Drug issue is focus of Monessen public forum
As of last Friday, Westmoreland County Coroner Ken Bacha had investigated 23 confirmed and suspected fatal drug overdose cases since Jan. 1.
“That's already more than all of 2002, my first year,” he said. “We have 10 more months to go.”
Some of those Westmoreland County fatal overdoses, plus others, occurred in the Mid-Mon Valley, no stranger to the growing drug problem and crimes committed to support the habits of addicts of all races, ages, genders and status.
It further affirms what I reported in a special column Jan. 30 titled “Drugs: Our Valley's most pressing issue,” discussing how “hard drugs” such as heroin, oxycodone, cocaine and methamphetamines are ruining lives and threatening the welfare and security of a once-comfortable home to respectable, law-abiding folks.
It further emphasizes the need for coordinated, effective action as outlined in a sequel Feb. 6 titled “Unique situations call for unique solutions,” discussing geographic, jurisdictional, communications and other obstacles that law enforcement personnel encounter trying to reign in rampant drug use and sales.
Bacha emailed his appreciation for the news coverage. “The more the better,” he wrote. “The public needs to know.”
That's what police, public officials, medical personnel and experts hope to accomplish at 6:30 p.m. today at Monessen High School.
“Drugs are Robbing Our Community” is the theme of a special public presentation that you're encouraged to attend.
If you care about the future of our area, if you'd like to gain better understanding of the problem, if you want to help contain the biggest cancer affecting the Mid-Mon Valley, you'll be there.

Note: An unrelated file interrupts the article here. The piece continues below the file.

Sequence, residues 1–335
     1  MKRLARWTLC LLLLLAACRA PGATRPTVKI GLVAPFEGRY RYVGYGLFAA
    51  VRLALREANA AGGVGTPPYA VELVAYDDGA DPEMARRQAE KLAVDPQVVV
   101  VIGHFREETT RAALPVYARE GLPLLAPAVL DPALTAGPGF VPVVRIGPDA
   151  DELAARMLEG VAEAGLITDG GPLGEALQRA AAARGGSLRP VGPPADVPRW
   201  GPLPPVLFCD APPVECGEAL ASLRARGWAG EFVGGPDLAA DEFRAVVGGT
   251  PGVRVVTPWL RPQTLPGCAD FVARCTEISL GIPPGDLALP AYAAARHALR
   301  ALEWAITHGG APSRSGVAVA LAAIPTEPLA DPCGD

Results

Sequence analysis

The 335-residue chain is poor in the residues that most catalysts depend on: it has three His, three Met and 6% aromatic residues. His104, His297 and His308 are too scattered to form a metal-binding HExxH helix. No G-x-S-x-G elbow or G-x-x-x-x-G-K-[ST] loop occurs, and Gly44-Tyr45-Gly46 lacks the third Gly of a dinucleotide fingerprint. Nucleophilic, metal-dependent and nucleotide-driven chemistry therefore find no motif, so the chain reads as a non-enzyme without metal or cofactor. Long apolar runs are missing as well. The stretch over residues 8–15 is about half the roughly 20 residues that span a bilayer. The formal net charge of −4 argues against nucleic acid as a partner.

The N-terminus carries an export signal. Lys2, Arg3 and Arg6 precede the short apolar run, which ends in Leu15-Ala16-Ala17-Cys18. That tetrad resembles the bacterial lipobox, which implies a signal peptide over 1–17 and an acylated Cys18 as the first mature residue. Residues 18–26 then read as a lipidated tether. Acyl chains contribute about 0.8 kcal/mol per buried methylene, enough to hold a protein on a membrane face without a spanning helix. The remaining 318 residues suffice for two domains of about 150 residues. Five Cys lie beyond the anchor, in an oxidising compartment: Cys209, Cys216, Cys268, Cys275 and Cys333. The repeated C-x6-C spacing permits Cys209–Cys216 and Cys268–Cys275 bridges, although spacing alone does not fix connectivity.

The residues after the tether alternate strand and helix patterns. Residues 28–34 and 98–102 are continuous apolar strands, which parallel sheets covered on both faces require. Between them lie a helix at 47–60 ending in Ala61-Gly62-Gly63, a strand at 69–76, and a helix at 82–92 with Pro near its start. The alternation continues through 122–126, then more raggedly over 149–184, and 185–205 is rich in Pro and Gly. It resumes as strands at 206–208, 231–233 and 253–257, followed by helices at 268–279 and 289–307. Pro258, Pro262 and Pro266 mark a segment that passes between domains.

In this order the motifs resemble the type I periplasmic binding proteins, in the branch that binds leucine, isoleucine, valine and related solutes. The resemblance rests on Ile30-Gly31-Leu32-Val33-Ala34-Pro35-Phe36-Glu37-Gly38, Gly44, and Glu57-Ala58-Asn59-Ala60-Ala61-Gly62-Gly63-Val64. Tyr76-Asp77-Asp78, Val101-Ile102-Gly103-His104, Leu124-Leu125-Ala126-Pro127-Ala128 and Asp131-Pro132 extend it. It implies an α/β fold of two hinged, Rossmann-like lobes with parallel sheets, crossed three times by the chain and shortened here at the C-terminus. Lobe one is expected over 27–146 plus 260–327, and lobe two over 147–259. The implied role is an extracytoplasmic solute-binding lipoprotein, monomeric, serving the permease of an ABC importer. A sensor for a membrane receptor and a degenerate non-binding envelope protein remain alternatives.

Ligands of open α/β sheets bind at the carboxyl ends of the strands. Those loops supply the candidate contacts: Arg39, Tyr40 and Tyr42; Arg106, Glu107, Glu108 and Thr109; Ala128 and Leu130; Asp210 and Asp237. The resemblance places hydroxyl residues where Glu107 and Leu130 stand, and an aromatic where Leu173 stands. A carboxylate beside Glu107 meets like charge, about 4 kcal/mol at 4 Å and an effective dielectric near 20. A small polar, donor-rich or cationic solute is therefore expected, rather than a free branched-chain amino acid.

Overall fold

The forum being held in conjunction with a dozen sponsors isn't just for people from Monessen. Everybody is welcome from both sides of the Mon River.
Bacha will be there, along with Westmoreland County District Attorney John Peck and officials from the Drug Enforcement Administration, Department of Justice and other government agencies.
Experts such as Dr. Yesh Navalgund of the DNA Pain Clinic and CEO Holly Martin of the Greenbriar Treatment Center will be there to explain how people get addicted and what they can do to escape a drug-dependent life.
So will Katrin and Ashley, two recovering addicts willing to share their horrific experiences.
Unfortunately, people who should be in the audience will be elsewhere, shooting up, sniffing, snorting or swallowing while ruthless drug dealers count their fools' money.
Since my columns of several weeks ago, I've received enough feedback to conclude this is a priority issue if the Mid-Mon Valley hopes to recover from job and population losses and to be a viable community.
“Students are crying because one of their friends was just found hanging in house from suicide brought on by drugs,” a local high school administrator emailed me. “When are these people going to learn? Unbelievable.”
“We have been through hell and back the last three years helping a nephew whose father kicked him out and his mother went along with it because of his drug abuse,” an aunt wrote. “I cannot begin to tell you not only the financial loss we have suffered but the emotional loss as well.”